The Art of Stretching: Lower Your Risk of Pain and Injury with These 30+ Stretching Exercises

Some experts agree that stretching is actually a simple but extremely beneficial activity when it is done properly. It is the deliberate lengthening of the muscles with the purpose to increase muscle flexibility, as well as joint range of motion.

Such activities are vital in any exercise or rehabilitation program, because they warm up our body before the physical workout and lower the risk of muscle soreness, as well as injury. They will help in warming up the body before the activity in that way decreasing the risk of injury and muscle soreness.

According to the Mayo Clinic, there are the five benefits of stretching:

• Increased flexibility and joint range of motion – flexible muscles can actually improve your every day performance. Some tasks like lifting packages, bending to tie your shoes or hurrying to catch a bus become easier and less tiring. Flexibility tends to diminish as you are getting older, but you can regain, and even maintain it.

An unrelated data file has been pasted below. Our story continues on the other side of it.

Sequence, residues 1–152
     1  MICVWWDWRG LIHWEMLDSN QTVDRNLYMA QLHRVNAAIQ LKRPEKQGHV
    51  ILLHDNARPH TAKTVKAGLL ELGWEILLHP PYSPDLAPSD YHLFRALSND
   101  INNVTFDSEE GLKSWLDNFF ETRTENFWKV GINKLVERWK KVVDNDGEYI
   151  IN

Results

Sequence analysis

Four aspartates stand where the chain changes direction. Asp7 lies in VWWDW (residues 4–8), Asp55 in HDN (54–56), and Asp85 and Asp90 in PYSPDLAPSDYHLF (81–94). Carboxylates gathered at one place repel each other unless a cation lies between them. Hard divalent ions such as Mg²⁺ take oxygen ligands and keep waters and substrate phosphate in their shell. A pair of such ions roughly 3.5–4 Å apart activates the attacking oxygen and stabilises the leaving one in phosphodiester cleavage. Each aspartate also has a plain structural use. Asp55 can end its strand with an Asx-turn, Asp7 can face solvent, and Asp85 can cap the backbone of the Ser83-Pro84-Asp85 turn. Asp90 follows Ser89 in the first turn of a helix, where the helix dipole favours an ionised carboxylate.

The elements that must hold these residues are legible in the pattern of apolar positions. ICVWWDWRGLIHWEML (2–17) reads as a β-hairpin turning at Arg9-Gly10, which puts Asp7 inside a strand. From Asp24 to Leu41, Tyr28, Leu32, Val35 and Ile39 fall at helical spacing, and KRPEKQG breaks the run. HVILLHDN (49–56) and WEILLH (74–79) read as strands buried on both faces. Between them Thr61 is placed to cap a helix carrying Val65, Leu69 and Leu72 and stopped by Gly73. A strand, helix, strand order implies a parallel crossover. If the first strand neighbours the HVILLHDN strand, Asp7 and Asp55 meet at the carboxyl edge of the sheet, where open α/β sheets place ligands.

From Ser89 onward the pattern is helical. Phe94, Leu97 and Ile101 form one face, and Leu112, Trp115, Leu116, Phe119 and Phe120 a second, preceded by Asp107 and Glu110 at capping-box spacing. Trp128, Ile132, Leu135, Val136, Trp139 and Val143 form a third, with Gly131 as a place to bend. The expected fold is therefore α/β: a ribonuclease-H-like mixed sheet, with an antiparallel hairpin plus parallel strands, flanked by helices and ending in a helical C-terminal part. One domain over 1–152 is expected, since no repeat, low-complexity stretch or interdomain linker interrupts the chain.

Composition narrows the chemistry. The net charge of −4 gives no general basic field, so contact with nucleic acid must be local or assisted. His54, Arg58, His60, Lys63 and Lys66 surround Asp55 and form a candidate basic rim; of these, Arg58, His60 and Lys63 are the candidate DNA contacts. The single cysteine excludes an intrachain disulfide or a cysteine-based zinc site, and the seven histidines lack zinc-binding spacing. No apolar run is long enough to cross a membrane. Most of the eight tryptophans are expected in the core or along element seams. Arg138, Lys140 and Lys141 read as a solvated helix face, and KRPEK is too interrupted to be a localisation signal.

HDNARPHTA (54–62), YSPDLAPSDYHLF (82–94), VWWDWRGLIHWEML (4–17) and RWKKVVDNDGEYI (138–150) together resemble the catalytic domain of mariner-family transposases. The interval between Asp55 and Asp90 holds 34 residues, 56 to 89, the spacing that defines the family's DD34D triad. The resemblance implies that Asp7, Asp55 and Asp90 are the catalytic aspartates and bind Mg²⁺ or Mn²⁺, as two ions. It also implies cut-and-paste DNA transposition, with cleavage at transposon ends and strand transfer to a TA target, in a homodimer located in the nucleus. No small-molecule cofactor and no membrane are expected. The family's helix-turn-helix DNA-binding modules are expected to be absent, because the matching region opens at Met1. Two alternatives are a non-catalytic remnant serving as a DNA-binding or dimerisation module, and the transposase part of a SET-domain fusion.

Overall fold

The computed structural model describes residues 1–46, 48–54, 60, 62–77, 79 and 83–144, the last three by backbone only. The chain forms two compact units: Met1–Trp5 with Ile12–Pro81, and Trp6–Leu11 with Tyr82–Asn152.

• Improved circulation – stretching will increase blood flow to your muscles. Blood flowing to the muscles will bring nourishment and gets rid of waste byproducts in the muscle tissue too. Improved circulation can actually help shorten your recovery time if you had some muscle injury.

• Better posture – frequent stretching can also help in keeping your muscles from getting tight, permitting you to maintain proper posture. Good posture can minimize discomfort, as well as keep aches and pains at a minimum.

• Stress relief – stretching will relax tight, tense muscles which often accompany stress.

• Enhanced coordination – maintaining the full range-of-motion through your joints will keep you in some better balance. Coordination and balance are going to keep you mobile and less prone to some injuries from falls, particularly as you get older.

Here, we will present you a list of stretches which you can do during the whole day and reap all the benefits of stretching:


Lateral side flexion of the neck (fig.7)

Target: Sternocleidomastoid “SCM”

Sitting on a chair, as well as clutching the bottom of the seat will enable you to intensify the stretch.